At the end of Brian Sonderman’s first week as executive director of Milwaukee Habitat for Humanity, his son asked, “Have you built a house yet?”
When Sonderman replied ‘no,’ his son said, “Then what are you doing?”
Ten months later Sonderman was able to tell his son that the non-profit organization had built 40 new homes around Milwaukee.
“The best part of what I do is being able to see people move into their homes or receive critical repairs so that they can stay in their home,” Sonderman said.
The organization renovates existing homes through its repair ministry, “A Brush with Kindness.”
Sonderman said it takes about a year for homeowners and volunteers to complete a home.
“You get to know these homeowners, you get to be a part of dedicating their homes and seeing their faces light up and their children’s faces light up,” Sonderman said.
Many of the people helped by the organization are the first homeowners in their family for generations, he said.
In addition to the home construction and renovation services, the Milwaukee affiliate also operates a resale store in Wauwatosa. The store carries donated overstocked, discounted, new and used building materials.
Every year upwards of 15,000 people volunteer with Milwaukee Habitat for Humanity. The organization works in some of the most economically disadvantaged neighborhoods in Milwaukee, and requires new homeowners to be agents of change in their community.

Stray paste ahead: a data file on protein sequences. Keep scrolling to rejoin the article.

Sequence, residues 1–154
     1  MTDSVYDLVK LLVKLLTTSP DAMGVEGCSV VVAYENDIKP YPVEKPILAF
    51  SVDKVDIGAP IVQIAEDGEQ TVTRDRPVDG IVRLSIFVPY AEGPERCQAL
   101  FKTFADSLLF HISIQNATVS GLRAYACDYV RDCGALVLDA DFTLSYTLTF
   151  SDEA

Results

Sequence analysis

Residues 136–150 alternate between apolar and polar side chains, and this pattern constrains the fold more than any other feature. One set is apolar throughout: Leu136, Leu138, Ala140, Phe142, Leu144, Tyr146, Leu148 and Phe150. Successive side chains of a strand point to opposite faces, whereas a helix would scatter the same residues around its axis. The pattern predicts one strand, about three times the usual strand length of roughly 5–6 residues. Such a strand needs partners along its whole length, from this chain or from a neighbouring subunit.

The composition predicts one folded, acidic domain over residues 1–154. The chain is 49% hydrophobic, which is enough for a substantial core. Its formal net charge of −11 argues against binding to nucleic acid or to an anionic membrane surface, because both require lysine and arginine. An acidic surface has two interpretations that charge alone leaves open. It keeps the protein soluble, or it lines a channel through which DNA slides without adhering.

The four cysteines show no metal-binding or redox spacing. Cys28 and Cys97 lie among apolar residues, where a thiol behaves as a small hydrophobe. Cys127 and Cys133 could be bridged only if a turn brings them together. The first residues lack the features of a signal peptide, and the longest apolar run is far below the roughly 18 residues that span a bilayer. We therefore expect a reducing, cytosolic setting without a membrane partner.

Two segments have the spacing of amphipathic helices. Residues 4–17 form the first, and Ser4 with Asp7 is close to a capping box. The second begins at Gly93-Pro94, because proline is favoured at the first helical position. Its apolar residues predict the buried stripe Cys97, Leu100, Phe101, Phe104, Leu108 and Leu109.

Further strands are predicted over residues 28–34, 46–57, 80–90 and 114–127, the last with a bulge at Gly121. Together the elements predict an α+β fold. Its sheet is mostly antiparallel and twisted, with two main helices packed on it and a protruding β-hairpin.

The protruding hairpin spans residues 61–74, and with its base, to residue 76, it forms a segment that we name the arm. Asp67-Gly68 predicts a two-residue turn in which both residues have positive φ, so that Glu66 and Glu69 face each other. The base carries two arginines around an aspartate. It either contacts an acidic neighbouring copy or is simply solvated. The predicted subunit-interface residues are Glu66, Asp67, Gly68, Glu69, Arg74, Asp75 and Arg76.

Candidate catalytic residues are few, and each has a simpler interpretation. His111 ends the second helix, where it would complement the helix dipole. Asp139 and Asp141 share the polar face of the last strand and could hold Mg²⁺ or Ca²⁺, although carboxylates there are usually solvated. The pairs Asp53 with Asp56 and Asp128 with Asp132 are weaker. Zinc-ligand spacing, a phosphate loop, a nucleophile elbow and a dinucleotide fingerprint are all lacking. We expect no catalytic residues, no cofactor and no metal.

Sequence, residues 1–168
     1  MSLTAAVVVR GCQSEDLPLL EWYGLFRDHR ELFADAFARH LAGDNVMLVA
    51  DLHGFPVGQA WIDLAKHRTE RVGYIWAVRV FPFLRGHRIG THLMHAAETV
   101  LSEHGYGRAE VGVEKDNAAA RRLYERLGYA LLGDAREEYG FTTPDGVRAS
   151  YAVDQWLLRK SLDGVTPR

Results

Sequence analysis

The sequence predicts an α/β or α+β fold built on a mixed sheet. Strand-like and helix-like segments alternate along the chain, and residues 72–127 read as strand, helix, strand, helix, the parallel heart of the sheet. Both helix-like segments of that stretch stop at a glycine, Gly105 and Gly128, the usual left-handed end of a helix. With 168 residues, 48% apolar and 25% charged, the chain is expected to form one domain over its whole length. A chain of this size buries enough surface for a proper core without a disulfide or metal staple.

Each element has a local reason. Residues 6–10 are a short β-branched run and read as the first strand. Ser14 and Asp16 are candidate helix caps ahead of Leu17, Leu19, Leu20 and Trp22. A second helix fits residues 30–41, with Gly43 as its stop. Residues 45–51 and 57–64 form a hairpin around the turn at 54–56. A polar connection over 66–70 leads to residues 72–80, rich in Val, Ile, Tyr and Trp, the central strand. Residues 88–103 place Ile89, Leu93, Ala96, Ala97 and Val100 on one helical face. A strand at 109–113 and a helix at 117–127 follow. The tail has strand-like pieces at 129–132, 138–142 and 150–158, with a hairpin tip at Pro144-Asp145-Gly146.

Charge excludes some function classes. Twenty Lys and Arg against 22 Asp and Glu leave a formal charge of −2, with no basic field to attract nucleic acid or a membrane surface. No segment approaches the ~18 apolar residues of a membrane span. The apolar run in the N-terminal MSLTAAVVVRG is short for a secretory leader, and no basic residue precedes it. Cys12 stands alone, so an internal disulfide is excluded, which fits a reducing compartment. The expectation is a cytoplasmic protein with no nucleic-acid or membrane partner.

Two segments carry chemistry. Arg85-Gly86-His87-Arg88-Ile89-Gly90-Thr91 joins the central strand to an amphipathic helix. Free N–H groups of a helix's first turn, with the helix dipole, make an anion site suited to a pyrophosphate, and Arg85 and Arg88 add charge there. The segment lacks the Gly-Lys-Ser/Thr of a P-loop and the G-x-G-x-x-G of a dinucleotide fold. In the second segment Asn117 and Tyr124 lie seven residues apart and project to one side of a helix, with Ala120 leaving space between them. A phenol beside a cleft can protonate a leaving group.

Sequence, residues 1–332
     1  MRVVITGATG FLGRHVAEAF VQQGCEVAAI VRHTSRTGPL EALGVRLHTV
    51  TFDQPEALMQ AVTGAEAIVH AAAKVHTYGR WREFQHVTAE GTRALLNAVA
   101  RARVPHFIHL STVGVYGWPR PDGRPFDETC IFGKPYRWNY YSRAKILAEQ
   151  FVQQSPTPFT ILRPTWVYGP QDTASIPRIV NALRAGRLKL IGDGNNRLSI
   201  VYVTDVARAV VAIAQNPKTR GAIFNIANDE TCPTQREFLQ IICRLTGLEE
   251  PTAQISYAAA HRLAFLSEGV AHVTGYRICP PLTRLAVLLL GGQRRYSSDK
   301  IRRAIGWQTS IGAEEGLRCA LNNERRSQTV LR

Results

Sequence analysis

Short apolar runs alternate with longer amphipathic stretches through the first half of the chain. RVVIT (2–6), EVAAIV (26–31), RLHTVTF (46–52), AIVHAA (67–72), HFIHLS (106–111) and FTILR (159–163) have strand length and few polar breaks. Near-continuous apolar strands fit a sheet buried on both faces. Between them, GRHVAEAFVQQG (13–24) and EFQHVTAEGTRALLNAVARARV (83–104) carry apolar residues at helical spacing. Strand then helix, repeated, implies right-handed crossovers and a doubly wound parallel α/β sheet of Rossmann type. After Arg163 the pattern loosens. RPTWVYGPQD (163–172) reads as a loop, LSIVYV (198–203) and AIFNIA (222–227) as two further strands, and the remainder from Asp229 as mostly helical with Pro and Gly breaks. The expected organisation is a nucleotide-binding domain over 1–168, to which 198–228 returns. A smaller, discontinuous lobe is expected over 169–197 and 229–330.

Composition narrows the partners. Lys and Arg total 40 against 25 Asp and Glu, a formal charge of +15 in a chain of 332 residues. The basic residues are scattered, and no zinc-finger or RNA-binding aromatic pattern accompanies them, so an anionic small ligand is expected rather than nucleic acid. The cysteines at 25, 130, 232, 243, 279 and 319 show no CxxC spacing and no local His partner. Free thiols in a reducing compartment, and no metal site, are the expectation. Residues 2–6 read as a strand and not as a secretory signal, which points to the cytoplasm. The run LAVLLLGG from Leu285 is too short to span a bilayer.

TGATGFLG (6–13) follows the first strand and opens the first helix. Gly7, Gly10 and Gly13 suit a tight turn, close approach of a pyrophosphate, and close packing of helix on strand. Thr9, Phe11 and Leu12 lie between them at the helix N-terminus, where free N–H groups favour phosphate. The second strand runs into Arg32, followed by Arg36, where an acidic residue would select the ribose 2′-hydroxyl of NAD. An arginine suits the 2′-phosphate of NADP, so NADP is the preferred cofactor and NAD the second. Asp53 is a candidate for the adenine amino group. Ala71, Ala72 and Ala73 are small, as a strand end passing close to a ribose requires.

“What we’re doing is asking them to be right on the front lines of bringing about transformation to their block and in their neighborhood,” Sonderman said.
Milwaukee Habitat for Humanity has built more than 400 homes around the city in its 27-year history. Sonderman said it will focus specifically on the Park West and Washington Park neighborhoods in 2012.
“We want to really focus our energies on a smaller geographic area to have a greater impact,” he said. “What I do is I try to put the right people in the right places so that we can serve more and more families every year.”
Sonderman said he draws upon his experience as a pastor to spread the Christianity-based mission of Habitat for Humanity. Although the organization is rooted in the Christian faith, he said, it serves people regardless of faith.
Tanicha Suggs, a mother of eight, has settled into her new home in the Harambee neighborhood, where she moved in December. The house is one of five on the block built by Milwaukee Habitat for Humanity.
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This story is part of a special report focusing on eight agencies that provide services to neighborhood residents in a variety of communities. Students from Marquette’s Diederich College of Communication created the pieces under the supervision of Prof. Herbert Lowe and NNS Editor Sharon McGowan.